Meeting ID: 995 0041 4743
Passcode: nepa1pm

How Can We Train Psychologists in Substance Abuse Assessment and Intervention to Best Make a Difference: Practical Lessons Learned from 5 Years of Teaching “SB 523: Addressing Substance Abuse in Schools”

Daniel B. Jacobs, Ed.M., M.B.A., Psy.D., Associate Professor at William James College, School Psychology Department & Adjunct Professor, Organizational Leadership Psychology Department; Licensed Psychologist and Health Service Provider

Many individuals with mental health concerns are also impacted by challenges linked to the use and abuse of legal and illicit substances. Due to additional stress from the COVID-19 pandemic there has been an increase in substance abuse by young people and adults and the need for psychological support in this area has grown even greater. Unfortunately, there is a shortage of psychologists equipped to deliver these needed services. Given the powerful negative impact of alcohol and other substance abuse concerns on the lives of youth and adult clients, and their families, this situation is obviously concerning and needs to be addressed better in undergraduate and graduate psychology training programs.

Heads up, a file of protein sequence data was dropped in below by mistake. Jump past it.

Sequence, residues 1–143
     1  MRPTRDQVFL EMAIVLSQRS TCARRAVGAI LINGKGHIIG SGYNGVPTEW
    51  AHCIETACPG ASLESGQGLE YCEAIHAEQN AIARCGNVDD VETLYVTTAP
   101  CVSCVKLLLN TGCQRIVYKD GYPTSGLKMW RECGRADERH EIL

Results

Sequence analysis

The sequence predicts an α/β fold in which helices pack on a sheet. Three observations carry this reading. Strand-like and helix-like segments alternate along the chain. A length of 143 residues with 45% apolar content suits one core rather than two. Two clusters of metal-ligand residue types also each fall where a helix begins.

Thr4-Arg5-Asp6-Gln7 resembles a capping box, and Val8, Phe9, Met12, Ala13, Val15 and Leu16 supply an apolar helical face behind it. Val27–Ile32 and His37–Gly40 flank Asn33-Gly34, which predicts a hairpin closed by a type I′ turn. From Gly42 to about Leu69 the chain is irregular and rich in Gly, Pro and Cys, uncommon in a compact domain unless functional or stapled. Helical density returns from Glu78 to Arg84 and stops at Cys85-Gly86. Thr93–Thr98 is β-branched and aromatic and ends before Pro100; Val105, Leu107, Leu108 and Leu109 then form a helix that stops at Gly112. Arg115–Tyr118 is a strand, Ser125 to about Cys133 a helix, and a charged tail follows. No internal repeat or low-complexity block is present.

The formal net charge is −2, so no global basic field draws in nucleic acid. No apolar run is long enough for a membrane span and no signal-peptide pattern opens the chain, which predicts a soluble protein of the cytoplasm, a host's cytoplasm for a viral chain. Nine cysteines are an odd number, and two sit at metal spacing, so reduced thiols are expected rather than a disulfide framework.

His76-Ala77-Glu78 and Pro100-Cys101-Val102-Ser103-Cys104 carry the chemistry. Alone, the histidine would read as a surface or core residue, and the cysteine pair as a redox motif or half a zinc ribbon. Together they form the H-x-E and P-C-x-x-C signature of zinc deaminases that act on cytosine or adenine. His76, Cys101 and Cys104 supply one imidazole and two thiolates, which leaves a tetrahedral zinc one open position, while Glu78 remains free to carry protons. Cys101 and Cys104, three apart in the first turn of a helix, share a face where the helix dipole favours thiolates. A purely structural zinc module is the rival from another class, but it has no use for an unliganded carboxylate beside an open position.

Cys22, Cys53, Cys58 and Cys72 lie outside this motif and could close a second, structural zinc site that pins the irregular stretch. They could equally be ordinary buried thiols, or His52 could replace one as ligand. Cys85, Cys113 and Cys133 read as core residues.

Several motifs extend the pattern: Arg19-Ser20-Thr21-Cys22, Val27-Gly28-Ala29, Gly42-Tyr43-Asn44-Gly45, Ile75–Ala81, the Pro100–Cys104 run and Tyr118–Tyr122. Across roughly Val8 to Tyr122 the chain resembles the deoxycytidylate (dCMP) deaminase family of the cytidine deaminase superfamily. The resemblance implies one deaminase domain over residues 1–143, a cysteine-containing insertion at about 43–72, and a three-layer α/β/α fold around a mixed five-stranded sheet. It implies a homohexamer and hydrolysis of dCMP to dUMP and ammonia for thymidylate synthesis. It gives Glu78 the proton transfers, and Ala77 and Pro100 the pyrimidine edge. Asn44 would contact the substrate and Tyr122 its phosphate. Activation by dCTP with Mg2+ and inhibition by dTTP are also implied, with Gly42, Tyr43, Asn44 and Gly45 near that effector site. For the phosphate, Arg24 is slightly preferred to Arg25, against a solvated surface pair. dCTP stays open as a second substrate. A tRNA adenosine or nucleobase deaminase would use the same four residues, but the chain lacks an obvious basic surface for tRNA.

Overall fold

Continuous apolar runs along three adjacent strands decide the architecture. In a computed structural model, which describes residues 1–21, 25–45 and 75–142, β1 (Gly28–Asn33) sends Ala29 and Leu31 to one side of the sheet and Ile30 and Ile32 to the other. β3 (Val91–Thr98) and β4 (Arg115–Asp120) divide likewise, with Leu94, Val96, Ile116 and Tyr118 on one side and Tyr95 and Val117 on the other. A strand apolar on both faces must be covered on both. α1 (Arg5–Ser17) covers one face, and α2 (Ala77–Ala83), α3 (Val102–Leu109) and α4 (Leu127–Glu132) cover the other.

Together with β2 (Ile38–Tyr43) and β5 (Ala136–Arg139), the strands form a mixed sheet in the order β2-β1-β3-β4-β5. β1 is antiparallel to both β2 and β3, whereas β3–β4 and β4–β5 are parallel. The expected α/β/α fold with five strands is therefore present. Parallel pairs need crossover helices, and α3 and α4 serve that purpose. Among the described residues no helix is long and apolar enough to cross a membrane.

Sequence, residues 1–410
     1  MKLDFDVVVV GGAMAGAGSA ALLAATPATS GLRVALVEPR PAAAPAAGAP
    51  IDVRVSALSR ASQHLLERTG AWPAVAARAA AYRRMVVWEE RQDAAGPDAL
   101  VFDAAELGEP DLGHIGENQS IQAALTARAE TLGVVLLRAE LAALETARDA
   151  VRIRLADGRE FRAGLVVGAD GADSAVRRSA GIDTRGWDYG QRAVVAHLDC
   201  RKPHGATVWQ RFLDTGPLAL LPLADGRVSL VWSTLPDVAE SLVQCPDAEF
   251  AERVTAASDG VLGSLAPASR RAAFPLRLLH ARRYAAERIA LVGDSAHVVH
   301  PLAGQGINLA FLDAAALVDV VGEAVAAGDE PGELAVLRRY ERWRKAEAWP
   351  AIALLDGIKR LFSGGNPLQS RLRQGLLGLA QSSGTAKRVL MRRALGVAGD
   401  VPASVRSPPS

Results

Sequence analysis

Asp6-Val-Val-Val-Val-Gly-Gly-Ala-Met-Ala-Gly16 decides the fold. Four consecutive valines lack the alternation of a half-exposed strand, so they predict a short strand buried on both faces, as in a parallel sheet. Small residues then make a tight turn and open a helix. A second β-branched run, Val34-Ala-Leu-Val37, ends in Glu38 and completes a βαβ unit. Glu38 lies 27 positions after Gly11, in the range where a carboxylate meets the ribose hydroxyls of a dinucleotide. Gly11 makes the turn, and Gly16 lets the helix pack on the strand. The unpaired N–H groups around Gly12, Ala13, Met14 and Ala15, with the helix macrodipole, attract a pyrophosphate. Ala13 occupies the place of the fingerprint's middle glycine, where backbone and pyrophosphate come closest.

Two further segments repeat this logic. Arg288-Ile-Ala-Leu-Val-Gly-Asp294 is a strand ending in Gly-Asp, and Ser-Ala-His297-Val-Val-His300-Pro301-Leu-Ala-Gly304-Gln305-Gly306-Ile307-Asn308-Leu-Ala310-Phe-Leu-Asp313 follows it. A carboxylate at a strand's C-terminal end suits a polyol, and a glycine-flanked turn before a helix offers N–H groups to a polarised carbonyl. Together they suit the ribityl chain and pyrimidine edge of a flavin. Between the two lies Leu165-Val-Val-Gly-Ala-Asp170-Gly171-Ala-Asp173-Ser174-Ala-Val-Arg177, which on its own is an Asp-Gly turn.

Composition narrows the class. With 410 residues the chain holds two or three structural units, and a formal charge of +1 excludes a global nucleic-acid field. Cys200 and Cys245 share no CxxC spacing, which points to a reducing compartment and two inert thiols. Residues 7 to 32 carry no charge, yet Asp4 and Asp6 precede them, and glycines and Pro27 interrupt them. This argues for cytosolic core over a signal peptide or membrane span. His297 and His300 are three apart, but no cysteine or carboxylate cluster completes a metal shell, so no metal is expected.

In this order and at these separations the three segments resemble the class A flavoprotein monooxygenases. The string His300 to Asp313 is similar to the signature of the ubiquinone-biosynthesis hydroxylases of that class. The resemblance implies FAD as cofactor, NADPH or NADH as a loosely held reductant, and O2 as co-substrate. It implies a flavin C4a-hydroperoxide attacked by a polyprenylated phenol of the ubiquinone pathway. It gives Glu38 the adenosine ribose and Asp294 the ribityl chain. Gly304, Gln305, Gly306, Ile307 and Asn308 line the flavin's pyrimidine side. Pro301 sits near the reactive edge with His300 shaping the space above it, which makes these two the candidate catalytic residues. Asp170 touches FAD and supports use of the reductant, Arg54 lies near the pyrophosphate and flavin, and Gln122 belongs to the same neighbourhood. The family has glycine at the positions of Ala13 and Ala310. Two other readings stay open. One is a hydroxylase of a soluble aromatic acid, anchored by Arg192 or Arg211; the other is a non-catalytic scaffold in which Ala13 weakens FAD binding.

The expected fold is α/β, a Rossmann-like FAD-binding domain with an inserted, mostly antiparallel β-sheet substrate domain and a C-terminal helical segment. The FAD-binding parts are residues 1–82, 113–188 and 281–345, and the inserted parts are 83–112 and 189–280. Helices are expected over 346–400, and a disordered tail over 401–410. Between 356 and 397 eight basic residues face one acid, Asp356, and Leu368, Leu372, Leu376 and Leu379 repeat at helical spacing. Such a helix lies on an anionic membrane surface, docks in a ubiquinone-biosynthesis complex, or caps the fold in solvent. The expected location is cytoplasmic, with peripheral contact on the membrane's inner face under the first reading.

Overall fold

Reaching young people before they develop substance abuse concerns is an effective way to decrease the likelihood of the development of much more significant challenges in later life, and helping youth in schools is one of the best ways to reach them in individual, group, and larger systemic interventions. Historically, School Psychology training programs did not directly address this issue and realizing the need and the gap in substance abuse training led to the development of a course for School Psychology students designed to address educational, assessment, and systemic challenges faced by clinicians wanting to make a difference in this area. In this session we will consider the key lessons discovered determined to be most relevant to helping mental health clinicians be better able to help youth and young adults impacted by substance use and dual diagnosis concerns.


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